"O-hoy!" came at that moment, that inimitable huntsman's call which unites the deepest bass with the shrillest tenor, and round the corner came Daniel the head huntsman and head kennelman, a gray, wrinkled old man with hair cut straight over his forehead, Ukrainian fashion, a long bent whip in his hand, and that look of independence and scorn of everything that is only seen in huntsmen. He doffed his Circassian cap to his master and looked at him scornfully. This scorn was not offensive to his master. Nicholas knew that this Daniel, disdainful of everybody and who considered himself above them, was all the same his serf and huntsman.

"Daniel!" Nicholas said timidly, conscious at the sight of the weather, the hounds, and the huntsman that he was being carried away by that irresistible passion for sport which makes a man forget all his previous resolutions, as a lover forgets in the presence of his mistress.

"What orders, your excellency?" said the huntsman in his deep bass, deep as a proto-deacon's and hoarse with hallooing- and two flashing black eyes gazed from under his brows at his master, who was silent. "Can you resist it?" those eyes seemed to be asking.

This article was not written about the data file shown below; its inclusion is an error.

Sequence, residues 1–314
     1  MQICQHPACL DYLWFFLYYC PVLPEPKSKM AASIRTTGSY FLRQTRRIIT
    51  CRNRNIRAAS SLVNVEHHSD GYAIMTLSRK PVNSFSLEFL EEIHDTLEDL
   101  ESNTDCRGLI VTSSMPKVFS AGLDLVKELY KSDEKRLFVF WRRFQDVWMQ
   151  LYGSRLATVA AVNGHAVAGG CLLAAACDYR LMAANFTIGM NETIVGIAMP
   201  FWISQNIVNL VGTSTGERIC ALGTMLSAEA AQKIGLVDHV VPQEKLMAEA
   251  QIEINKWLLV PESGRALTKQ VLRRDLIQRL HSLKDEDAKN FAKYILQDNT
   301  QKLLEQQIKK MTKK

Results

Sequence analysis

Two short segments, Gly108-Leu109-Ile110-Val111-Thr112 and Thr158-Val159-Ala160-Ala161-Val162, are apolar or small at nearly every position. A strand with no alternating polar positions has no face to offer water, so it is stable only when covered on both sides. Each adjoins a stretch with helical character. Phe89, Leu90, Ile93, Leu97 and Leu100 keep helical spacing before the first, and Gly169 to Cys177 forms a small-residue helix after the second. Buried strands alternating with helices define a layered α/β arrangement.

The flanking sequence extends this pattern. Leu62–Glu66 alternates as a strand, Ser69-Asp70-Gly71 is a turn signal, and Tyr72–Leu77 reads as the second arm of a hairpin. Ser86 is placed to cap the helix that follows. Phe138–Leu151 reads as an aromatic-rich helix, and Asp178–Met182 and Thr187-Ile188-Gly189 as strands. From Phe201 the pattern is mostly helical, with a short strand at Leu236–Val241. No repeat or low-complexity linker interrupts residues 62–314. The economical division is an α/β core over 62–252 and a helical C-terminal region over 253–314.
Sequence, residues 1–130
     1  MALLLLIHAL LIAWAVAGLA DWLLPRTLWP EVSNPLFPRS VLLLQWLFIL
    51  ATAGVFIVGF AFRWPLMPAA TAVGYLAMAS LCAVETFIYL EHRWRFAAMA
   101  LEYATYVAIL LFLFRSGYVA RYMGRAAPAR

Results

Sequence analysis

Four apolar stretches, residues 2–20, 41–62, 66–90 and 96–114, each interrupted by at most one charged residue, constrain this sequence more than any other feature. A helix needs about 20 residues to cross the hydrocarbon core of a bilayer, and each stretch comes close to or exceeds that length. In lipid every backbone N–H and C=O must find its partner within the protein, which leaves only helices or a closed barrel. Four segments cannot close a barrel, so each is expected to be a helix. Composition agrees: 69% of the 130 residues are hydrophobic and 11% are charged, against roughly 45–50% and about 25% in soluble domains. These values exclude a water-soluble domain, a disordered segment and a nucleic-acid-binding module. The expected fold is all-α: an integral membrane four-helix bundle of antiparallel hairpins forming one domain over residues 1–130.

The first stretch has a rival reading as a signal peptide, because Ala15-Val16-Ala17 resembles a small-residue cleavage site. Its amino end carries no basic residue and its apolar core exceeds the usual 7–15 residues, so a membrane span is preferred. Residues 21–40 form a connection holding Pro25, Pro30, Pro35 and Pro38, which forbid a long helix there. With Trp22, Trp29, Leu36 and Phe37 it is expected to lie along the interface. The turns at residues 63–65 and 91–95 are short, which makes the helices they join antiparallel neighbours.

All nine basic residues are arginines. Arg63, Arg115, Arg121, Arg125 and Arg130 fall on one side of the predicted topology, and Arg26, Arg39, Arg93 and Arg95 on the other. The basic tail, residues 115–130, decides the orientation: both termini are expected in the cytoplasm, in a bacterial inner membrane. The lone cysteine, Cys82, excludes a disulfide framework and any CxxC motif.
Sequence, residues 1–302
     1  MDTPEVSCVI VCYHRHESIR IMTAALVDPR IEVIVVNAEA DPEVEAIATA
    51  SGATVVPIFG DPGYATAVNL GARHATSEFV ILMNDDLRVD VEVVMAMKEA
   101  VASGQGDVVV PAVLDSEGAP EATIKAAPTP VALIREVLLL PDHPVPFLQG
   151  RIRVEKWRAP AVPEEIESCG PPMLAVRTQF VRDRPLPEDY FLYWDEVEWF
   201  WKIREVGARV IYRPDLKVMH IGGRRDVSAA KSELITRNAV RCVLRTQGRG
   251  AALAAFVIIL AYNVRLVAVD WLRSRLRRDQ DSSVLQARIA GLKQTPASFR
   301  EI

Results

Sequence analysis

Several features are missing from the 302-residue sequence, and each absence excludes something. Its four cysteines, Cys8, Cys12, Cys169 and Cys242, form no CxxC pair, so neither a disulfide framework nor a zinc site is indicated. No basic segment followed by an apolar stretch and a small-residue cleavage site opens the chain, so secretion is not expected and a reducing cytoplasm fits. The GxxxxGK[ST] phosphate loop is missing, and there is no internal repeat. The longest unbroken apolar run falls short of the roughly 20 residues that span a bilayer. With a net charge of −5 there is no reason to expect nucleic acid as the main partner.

"It's a good day, eh? For a hunt and a gallop, eh?" asked Nicholas, scratching Milka behind the ears.

Daniel did not answer, but winked instead.

"I sent Uvarka at dawn to listen," his bass boomed out after a minute's pause. "He says she's moved them into the Otradnoe enclosure. They were howling there." (This meant that the she-wolf, about whom they both knew, had moved with her cubs to the Otradnoe copse, a small place a mile and a half from the house.)

"We ought to go, don't you think so?" said Nicholas. "Come to me with Uvarka."

"As you please."

"Then put off feeding them."

"Yes, sir."

Five minutes later Daniel and Uvarka were standing in Nicholas' big study. Though Daniel was not a big man, to see him in a room was like seeing a horse or a bear on the floor among the furniture and surroundings of human life. Daniel himself felt this, and as usual stood just inside the door, trying to speak softly and not move, for fear of breaking something in the master's apartment, and he hastened to say all that was necessary so as to get from under that ceiling, out into the open under the sky once more.